A native New Yorker, Melora Griffis received her BFA from The Rhode Island School of Design and her MFA from the Vermont College of Fine Arts (Montpelier, VT). She has had solo exhibitions at the Pamela Williams Gallery (Amagansett, NY), Lizan Tops Gallery and AE Gallery (both East Hampton, NY), Whitney Art Works (Greenport, NY), The Re Institute (Millerton, NY) and 571 Projects (New York, NY). Her work has been included in group shows at Edward Thorp Gallery (New York, NY), White Columns (New York, NY), Bowman/Bloom Gallery (New York, NY), Michael Steinberg (New York, NY), Silas Marder (Bridgehampton, NY), Ille Arts, (Amagansett, NY), Sara Nightingale Gallery, (Sag Harbor, NY) and Boltax Gallery (Shelter Island, NY) among others. Griffis has received fellowships from Le Moulin à Nef (Auvillar, France), Oberpfälzer Künstlerhaus (Schwandorf, Germany), the Constance Saltonstall Foundation for the Arts, (Ithaca, NY), Schloss Pluschow (Mecklenberg-Vorpommern, Germany), The Edward F. Albee Foundation (Montauk, NY) and the Virginia Center for the Creative Arts (Amherst, VA). Melora Griffis lives and works in New York City.
Jimmie James is a poet, painter, actor and singer/songwriter. Brooklyn born, this renaissanced artist has long been a fixture of New York City’s art, theater and music scene, showing at a number of galleries including 571 Projects, Andrea Schwartz Gallery, Boltax Gallery, and Thomas Werner Gallery, to name a few. He has performed in works by theatrical luminaries including Richard Maxwell, Christina Masciotti, Danny Hoch, and Susan Lori Parks, and has composed for theater and film, where projects include Seth Zvi Rosenfeld’s “Everything’s Turning into Beautiful,” Amos Poe’s “Empire II.” Jimmie James’ works are present in a number of private collections. Recently returned from gallery exhibitions and performances in Japan, Thailand and Spain, he currently lives and works in Berlin, Germany.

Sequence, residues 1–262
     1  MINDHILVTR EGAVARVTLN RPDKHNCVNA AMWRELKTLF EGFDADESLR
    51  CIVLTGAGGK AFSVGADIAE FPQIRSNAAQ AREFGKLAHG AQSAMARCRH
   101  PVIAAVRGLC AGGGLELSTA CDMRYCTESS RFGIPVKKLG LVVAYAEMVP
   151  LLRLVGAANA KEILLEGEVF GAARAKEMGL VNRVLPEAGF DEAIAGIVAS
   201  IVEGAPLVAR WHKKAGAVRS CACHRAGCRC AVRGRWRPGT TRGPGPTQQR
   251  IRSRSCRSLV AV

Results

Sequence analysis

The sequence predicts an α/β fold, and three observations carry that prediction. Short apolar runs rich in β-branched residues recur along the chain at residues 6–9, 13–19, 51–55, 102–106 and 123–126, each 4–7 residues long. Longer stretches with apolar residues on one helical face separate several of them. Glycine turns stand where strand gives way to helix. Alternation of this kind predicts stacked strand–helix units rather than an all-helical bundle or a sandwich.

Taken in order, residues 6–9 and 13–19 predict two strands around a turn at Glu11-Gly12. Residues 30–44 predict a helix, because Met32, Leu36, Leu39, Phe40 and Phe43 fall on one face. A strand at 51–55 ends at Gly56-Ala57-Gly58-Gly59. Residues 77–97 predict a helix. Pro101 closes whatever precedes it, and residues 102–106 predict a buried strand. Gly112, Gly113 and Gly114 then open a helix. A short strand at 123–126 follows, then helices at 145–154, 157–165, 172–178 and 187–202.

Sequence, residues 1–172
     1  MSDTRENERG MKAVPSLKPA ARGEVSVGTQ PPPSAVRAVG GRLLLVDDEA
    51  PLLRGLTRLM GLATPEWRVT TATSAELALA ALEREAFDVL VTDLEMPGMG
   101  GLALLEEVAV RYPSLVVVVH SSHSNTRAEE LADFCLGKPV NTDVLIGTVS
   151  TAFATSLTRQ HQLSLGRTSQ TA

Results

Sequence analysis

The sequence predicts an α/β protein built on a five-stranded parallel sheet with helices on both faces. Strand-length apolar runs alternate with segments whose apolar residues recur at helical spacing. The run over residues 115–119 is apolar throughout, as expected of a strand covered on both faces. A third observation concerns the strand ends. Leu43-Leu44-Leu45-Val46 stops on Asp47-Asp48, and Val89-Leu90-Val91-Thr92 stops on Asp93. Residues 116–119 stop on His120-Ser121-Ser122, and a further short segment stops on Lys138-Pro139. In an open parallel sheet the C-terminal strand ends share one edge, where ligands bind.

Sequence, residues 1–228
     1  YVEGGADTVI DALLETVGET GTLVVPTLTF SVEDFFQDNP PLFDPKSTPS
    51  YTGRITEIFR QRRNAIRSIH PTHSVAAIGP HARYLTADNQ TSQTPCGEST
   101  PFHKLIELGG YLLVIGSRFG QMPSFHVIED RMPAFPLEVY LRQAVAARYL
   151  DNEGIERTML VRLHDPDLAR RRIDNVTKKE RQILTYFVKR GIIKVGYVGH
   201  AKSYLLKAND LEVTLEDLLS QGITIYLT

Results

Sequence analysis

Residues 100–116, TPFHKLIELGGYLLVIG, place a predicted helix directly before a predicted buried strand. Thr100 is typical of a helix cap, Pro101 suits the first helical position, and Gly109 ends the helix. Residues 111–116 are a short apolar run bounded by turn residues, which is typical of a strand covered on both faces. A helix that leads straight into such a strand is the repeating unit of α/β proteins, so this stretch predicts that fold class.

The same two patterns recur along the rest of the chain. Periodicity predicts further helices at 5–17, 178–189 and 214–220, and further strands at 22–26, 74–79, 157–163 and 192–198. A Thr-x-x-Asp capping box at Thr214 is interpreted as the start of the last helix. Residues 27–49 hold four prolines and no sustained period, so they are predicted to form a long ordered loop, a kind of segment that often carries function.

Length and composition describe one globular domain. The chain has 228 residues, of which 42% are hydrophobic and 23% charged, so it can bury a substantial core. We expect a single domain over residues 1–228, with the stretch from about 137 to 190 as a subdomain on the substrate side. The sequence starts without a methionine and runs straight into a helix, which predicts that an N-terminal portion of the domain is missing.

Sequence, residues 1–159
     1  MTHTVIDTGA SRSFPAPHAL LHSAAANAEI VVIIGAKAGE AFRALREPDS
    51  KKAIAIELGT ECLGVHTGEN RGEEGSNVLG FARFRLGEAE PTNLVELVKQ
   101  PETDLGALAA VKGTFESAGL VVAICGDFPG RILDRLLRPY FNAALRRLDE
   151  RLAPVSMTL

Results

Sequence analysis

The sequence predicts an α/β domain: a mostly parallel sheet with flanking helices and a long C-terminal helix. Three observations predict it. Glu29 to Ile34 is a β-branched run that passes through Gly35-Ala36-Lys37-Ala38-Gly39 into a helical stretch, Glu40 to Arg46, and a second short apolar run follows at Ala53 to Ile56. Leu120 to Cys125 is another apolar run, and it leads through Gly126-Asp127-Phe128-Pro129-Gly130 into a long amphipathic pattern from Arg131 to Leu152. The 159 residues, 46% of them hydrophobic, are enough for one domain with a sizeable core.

In addition to being Professor Emeritus at Massachusetts College of Art, Dorothy Simpson Krause is also a member of Digital Atelier, an artists’ collaborative. Her work has won many awards including the Smithsonian/ComputerWorld Technology in the Arts Award (1997), and the Kodak Innovator Award (2000). Her work has been the subject of numerous solo exhibitions, including The Landing Gallery (Rockland, ME); Evos Art Institute (Lowell, MA); the Attleboro Museum of Art (Attleboro, MA); The Judi Rotenberg Gallery (Boston, MA); 571 Projects (New York City). Her work is in many museum collections including The Museum of Fine Arts, Boston; Dalarna Museum (Dalarna, Sweden); The Smithsonian Museum of American Art (Washington, DC); Art Complex Museum (Duxbury, MA); State Museum (Novosibirsk, Russia); and The DeCordova Sculpture Park and Museum (Framingham, MA). Krause was selected as the inaugural Helen M. Salzburg Artist-in-Residence at the Jaffe Center for Book Arts at Florida Atlantic University (2012).